“It is the feel good drug. It makes sex better It’s cheap. It’s easy to get”.
The stigma for heroin is no longer there.
“It has no boundaries. There are no prejudices. It doesn’t matter how old you are; what color; what sex; whether you are elderly. People who were prescribed meds end up popping heroin”.
Petrea Rae, Coalition Coordinator at Substance Abuse Prevention Coalition of Ontario County (the Partnership), focuses her and her organizational efforts on prevention. Her organization implemented a four-part plan. First, they strive to restrict availability of unused prescription drugs in homes advocating people monitor, secure and dispose of unused medication. Additionally, they support a take back medication program disposing of unused drugs. The Coalition also respects the risk for young people aged (12-17) to be the next group of people to become addicted to prescription drugs. The targeted group of young adults ages (18-25) are the risk group regarding heroin addiction.
Recently in December 2016, at a community forum, Petrea shared the stage with Sheriff Povero. Statistics were shared the overdoses in Ontario County increased from 8 in 2015 to 27 in 2016. This is a growing problem in Ontario County as well. “The use of preventative services to combat heroin overdoses were estimated to save at least 3 lives a week” Petrea shared.
“It is in your neighborhood. When we ask community members, youth and young adults about heroin, there isn’t one person who doesn’t have a story. It’s not only an inner-city problem”.
What Can We Do?
“They key is if you are worried about someone have the conversation. If you think pills, marijuana or alcohol isn’t a big deal it can lead to drug abuse on a larger scale. Talk to everyone on the dangers of substance abuse”.
After the storm rebuilding shattered lives
After experiencing her personal tragedy with her son, Luci Zagari decided to be part of the solution. She indicates it was the call of God that influenced her to decide to step up 5 years ago. Her children were her life source. She only knew to pray 24-hours-a-day. Luci feels God answered her in ways no one else understands.
People began to judge her. They were saying she was a bad Mom. Luci decided enough was enough and she started a support group for others. She didn’t know what to do but doing nothing wasn’t an option. Luci recognizes when you live through the issues heroin causes you to live through there is a turning point.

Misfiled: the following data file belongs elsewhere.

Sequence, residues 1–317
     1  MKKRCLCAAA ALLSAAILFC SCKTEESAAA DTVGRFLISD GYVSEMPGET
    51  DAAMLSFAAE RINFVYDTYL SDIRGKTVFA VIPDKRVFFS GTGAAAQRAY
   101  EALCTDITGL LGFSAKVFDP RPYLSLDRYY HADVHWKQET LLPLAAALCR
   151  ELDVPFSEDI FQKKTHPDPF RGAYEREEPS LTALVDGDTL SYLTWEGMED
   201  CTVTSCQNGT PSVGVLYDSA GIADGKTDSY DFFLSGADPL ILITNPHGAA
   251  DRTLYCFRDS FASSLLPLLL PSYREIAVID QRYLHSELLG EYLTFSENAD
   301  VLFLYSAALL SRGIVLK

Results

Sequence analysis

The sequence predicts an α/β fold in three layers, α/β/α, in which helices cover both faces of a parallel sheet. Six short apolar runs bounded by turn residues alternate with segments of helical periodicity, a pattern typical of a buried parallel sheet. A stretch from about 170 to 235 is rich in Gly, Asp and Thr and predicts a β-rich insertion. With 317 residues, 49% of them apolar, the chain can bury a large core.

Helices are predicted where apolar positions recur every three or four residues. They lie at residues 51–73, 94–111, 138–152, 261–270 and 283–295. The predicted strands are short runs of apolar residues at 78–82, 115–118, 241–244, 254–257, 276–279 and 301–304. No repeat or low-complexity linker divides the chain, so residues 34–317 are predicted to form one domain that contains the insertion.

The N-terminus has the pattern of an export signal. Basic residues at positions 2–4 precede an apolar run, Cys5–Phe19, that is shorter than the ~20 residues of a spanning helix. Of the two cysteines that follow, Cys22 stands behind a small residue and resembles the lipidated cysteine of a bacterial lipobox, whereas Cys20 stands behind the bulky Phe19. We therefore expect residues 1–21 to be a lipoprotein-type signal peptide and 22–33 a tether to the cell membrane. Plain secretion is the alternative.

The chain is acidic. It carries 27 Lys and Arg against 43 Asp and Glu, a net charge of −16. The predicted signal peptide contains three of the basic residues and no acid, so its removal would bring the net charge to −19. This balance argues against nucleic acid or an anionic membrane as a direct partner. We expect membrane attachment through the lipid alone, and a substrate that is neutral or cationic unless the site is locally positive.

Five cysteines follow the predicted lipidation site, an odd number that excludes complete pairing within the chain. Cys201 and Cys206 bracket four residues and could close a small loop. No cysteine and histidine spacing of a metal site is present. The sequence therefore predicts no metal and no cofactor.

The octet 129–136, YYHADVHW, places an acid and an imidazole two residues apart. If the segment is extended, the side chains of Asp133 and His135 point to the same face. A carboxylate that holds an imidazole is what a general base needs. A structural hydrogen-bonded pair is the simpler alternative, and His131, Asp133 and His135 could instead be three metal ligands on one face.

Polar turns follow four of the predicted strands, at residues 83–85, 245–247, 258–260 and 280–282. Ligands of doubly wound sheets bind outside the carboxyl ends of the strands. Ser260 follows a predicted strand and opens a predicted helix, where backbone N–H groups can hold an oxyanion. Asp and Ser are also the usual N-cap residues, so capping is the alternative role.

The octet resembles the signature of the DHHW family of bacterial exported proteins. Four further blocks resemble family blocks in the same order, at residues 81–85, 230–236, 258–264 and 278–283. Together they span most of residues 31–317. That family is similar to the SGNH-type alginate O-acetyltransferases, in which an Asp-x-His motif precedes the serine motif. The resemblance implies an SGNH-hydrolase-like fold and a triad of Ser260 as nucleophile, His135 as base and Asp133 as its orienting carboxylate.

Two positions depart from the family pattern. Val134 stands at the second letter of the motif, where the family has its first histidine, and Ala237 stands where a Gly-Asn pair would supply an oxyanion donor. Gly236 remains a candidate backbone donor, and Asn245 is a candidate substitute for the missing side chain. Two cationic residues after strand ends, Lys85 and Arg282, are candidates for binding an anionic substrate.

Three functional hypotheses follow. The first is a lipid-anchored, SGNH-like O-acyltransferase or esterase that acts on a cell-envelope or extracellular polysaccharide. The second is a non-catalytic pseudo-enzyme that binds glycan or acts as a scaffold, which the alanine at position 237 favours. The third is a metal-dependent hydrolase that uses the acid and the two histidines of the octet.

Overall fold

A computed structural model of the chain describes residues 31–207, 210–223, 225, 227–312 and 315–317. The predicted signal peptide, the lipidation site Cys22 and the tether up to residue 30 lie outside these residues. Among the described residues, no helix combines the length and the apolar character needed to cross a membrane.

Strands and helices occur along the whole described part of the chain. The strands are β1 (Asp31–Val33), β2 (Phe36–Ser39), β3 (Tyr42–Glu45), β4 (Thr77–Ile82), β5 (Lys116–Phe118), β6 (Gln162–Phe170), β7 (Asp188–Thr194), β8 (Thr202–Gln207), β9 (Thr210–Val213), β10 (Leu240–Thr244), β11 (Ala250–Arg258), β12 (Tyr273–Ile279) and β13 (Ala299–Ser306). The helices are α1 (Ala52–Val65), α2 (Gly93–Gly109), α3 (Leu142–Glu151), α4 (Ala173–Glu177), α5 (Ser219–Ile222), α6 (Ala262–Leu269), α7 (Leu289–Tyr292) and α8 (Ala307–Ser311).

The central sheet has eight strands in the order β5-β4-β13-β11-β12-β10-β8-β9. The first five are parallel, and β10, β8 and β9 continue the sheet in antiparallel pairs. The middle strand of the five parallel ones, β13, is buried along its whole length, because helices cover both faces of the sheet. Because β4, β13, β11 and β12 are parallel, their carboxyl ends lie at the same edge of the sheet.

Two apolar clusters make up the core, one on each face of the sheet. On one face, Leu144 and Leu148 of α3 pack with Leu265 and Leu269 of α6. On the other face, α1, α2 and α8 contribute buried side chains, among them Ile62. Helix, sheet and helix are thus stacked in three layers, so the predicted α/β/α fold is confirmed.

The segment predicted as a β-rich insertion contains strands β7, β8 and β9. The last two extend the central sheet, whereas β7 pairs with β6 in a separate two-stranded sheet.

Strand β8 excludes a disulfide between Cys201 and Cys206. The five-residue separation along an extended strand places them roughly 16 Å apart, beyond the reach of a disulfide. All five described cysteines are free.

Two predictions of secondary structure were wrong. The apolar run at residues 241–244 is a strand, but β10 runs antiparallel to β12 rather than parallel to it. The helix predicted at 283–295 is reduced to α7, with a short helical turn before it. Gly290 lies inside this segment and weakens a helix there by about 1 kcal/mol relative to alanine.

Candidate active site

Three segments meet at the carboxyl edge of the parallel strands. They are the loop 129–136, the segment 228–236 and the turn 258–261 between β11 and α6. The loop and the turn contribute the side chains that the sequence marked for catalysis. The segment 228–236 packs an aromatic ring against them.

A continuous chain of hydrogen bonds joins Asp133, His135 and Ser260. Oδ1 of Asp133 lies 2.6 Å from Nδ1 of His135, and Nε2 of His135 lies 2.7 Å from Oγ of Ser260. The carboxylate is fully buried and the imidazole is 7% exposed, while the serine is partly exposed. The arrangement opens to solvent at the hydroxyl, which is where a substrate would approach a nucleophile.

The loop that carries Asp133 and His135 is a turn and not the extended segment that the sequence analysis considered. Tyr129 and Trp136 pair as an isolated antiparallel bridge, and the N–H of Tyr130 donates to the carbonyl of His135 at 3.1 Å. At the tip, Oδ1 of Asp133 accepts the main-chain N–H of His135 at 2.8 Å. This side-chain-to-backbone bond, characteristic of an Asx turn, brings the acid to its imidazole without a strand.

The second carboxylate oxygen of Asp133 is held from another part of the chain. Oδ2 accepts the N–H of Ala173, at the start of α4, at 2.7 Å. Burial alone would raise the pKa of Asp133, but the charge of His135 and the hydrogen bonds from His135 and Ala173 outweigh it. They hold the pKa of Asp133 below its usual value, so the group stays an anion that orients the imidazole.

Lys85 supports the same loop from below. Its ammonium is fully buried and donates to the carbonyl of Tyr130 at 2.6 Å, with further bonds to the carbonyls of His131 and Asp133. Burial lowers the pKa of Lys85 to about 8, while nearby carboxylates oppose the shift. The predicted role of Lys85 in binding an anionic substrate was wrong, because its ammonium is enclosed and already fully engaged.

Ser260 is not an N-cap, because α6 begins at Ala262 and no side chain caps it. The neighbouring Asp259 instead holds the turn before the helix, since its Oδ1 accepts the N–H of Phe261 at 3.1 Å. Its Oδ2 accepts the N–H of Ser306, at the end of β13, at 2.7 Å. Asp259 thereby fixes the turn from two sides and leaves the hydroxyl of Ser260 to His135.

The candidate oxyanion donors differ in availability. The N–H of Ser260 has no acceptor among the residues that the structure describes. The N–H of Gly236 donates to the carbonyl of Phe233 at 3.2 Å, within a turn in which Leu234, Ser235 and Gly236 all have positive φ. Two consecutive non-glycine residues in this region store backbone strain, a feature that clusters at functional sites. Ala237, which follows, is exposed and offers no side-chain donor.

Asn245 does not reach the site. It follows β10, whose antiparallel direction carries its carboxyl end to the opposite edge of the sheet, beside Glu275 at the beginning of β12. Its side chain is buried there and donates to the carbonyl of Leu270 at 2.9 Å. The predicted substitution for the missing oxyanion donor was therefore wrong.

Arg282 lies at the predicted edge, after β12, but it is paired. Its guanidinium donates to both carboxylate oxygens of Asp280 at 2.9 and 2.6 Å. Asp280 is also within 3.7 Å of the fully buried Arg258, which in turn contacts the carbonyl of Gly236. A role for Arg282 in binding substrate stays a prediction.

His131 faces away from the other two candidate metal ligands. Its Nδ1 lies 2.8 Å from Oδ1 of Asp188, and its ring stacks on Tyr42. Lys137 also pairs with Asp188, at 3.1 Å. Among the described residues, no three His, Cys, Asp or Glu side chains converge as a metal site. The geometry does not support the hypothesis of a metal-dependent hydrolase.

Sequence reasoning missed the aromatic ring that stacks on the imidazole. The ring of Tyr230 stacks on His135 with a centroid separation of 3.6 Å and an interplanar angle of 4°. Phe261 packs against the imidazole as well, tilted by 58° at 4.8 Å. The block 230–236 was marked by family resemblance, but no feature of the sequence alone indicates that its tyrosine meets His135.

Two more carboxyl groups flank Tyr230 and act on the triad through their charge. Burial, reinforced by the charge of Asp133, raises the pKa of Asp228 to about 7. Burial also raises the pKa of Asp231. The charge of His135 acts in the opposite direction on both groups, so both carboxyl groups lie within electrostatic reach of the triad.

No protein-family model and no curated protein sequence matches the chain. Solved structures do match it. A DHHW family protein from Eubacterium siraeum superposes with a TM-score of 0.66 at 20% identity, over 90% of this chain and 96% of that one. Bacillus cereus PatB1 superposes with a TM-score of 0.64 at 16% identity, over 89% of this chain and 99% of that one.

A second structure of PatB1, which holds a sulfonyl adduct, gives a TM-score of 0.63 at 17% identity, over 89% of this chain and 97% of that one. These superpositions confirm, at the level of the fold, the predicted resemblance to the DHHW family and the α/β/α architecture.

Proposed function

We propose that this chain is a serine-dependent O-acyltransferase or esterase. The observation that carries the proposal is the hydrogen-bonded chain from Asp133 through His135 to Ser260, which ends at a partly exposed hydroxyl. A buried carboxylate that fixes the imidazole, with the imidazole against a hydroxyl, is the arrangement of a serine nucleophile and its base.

“Many people get stuck in anger and actually lose faith. People either become very spiritual or they give up. She feels this is especially true for people who lose their children. It’s easy to blame God when we are faced with such a horrific loss of a child. I did it myself on some days”.
Luci finds strength through others in her support group.
“Some of my best friends are people in my group who live all over the country and I’ve never met. I’ve met some of the most beautiful souls in the world. We share a sisterhood. We understand each other. We know a plan. That is when Shattered Lives Ministry was born”.
Luci Zagari became an ordained minister. She is also a Reiki Master and a certified Aroma Freedom Practitioner. She uses her tragedy to help others. She offers spiritual guidance and serves as a life coach.
Luci indicates it is important for everyone to know:
“Addiction is serious and heroin kills!”
From all points of view, in the heroin epidemic no one wins. This epidemic is taking over our communities, stealing lives in many ways (death, addiction, and prison). As a community, we must all come together and understand: this is everyone’s problem. It affects us all. It’s no longer heroin is not in your backyard and not your kid. Something must be done to help all of the lives affected by this ongoing tragedy.
In March, 2016, concerns of the ever-increasing epidemic plaguing the country surrounding the abuse of this drug fostered the creation of, a Heroin Task Force . From 2005 to 2014, the overall drug overdose rate rose rapidly surpassing to an increase of 144% (5). Between 2010 and 2014, in Monroe County the death rate increased 76% (34 deaths to 60) (7) (4th most prevalent)(6). As of 2014, heroin overdose was the leading cause of accidental death in the state of New York (7) . NYS surpasses the nation in heroin deaths (7). One word: heroin.